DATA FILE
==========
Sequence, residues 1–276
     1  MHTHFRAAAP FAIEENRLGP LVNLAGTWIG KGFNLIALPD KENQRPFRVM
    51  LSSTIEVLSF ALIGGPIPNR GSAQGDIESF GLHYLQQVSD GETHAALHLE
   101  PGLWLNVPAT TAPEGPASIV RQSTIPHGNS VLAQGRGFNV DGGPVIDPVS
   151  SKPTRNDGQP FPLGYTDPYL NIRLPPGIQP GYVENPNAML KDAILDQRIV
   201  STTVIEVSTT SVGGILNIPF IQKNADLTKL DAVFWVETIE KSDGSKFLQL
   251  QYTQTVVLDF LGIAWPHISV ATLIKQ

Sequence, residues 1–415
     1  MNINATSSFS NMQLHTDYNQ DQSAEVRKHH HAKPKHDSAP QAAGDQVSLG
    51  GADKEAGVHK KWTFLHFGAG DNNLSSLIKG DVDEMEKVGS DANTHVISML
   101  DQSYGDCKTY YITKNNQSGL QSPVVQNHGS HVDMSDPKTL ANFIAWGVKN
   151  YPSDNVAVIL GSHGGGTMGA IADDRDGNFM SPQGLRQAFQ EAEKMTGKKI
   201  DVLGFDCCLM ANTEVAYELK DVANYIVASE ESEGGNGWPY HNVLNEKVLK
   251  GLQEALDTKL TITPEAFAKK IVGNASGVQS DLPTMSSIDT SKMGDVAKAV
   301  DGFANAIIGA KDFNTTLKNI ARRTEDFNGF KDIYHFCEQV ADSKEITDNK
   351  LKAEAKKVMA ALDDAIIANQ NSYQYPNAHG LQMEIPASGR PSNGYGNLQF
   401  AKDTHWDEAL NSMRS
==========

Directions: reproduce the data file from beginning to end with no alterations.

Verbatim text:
Sequence, residues 1–276
     1  MHTHFRAAAP FAIEENRLGP LVNLAGTWIG KGFNLIALPD KENQRPFRVM
    51  LSSTIEVLSF ALIGGPIPNR GSAQGDIESF GLHYLQQVSD GETHAALHLE
   101  PGLWLNVPAT TAPEGPASIV RQSTIPHGNS VLAQGRGFNV DGGPVIDPVS
   151  SKPTRNDGQP FPLGYTDPYL NIRLPPGIQP GYVENPNAML KDAILDQRIV
   201  STTVIEVSTT SVGGILNIPF IQKNADLTKL DAVFWVETIE KSDGSKFLQL
   251  QYTQTVVLDF LGIAWPHISV ATLIKQ

Sequence, residues 1–415
     1  MNINATSSFS NMQLHTDYNQ DQSAEVRKHH HAKPKHDSAP QAAGDQVSLG
    51  GADKEAGVHK KWTFLHFGAG DNNLSSLIKG DVDEMEKVGS DANTHVISML
   101  DQSYGDCKTY YITKNNQSGL QSPVVQNHGS HVDMSDPKTL ANFIAWGVKN
   151  YPSDNVAVIL GSHGGGTMGA IADDRDGNFM SPQGLRQAFQ EAEKMTGKKI
   201  DVLGFDCCLM ANTEVAYELK DVANYIVASE ESEGGNGWPY HNVLNEKVLK
   251  GLQEALDTKL TITPEAFAKK IVGNASGVQS DLPTMSSIDT SKMGDVAKAV
   301  DGFANAIIGA KDFNTTLKNI ARRTEDFNGF KDIYHFCEQV ADSKEITDNK
   351  LKAEAKKVMA ALDDAIIANQ NSYQYPNAHG LQMEIPASGR PSNGYGNLQF
   401  AKDTHWDEAL NSMRS